Pleasure For Pleasure
A long time ago, a co-worker snorted in derision as he tasted his Chinese take-out: “This soup is neither hot nor sour,” he proclaimed. I’d like to paraphrase him in reviewing this book because Pleasure For Pleasure is neither an interesting love story nor a good bit of erotic guilty pleasure. Instead, it is dull on both counts, with the added problem that Sobrato seems to have written her story with a gun pointed at her head: it has a cute, if flimsy, premise but after sketching the outline, she leaves the reader to flounder on alone.
The story opens promisingly enough. Marriage counseler Josie Marcus has recently returned to her hometown of San Francisco because her mother skipped off to Prague, asking Josie to watch over her business. Her mother’s business is a sex education center called the Lovers For Life Center, offering classes in “Reawakening the Goddess: Great Sex After Sixty,” “Introductory S&M,” and the “Art of Sensual Touch.” Josie has grown up in her mother’s sexual shadow, and reacted to her hedonistic ways by becoming overly reserved and inhibited. She is obviously uncomfortable in the Center, but because of her training as a marriage counselor, is able to lead the seminars when the hired presenters cancel.
Trent O’Reilly went to high school with Jodie, and it was he who gave her her high school nickname, Josie the Tease. Trent always had a crush on Josie, but a date gone bad in high school left them both uncomfortable around each other. Trent works next door at a sports equipment store, and he owns the building housing the Center. Josie’s mother left owing two months’ rent, and Josie doesn’t have it. Trent sees his chance to score on Josie (in a couple of ways) and offers to trade sex lessons in exchange for the past-due rent. Josie agrees, and finds herself in the awkward situation of trying to help someone else improve their technique even as she knows her own skills leave a lot to be desired. Plus, she’s always had a crush on Trent.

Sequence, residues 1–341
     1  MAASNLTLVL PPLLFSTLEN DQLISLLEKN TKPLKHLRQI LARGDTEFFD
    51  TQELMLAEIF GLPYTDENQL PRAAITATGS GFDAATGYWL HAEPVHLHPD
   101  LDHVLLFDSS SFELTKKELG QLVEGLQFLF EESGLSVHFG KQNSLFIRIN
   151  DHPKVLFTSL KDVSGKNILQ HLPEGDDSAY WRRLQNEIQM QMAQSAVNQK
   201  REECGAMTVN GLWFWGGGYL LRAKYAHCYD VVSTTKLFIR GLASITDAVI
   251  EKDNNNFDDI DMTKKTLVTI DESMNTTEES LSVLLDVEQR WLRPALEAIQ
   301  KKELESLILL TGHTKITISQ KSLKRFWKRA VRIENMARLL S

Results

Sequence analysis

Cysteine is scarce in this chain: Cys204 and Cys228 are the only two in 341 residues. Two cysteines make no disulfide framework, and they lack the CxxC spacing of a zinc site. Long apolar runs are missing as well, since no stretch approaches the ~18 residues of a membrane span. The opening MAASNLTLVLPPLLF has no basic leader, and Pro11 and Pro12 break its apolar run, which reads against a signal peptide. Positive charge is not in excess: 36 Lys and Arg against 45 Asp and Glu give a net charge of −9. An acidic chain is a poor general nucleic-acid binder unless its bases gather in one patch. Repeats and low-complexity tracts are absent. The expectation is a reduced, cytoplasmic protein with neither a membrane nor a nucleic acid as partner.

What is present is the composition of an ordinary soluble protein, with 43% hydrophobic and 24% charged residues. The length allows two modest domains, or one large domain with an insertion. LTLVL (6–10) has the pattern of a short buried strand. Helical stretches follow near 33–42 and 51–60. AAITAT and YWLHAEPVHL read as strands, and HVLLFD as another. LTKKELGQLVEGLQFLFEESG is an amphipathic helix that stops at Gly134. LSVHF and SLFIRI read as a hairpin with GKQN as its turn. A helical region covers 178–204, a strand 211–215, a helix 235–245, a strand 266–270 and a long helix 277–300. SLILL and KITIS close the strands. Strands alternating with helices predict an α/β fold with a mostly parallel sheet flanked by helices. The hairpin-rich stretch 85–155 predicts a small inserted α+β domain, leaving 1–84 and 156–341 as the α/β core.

The two start their “lessons” and it would seem as if the real fun in this erotic romance would begin – after all, this somewhat silly set-up and clichéd characters are primed to have some mind-blowing sex, right? No. It is not that hot, at least not as it is described, and it appears Sobrato has applied the same broad brush to her sexual descriptions as she has to her plot. She leads us into the bedroom with Trent and Josie, then has them hastily reach their inevitable conclusions. Trent and Josie find themselves in some interesting situations, but Sobrato doesn’t take advantage of them, and sticks with the usual positions and descriptions. More time is spent on describing Trent and Josie’s deeper feelings for each other, but there is very little time spent on characterization in the first place, so it was difficult to understand what they saw in each other, even in a sexual way.
Together, Josie and Trent create some new business for the Center, and though this might have been fun, the author squanders the opportunity. In spite of being a marriage counseler and presumably having some training in the field, Josie’s knowledge appeares shallow, and when she trots out her lesson plans, readers will likely roll their eyes – probably not what the author had in mind. Josie’s mother eventually returns, although she offers no explanation for leaving the Center in such bad shape, and Josie doesn’t ask.
Earlier this year Jamie Sobrato received a B- for her Temptations’ title Some Like it Sizzling, which means she’s capable of writing a good little love story. In comparison, unfortunately, as a little love story Pleasure For Pleasure could have used a lot more description. As a piece of erotica, it could have used a lot more descriptive action. As a piece of romantic erotica, it was neither hot nor sour.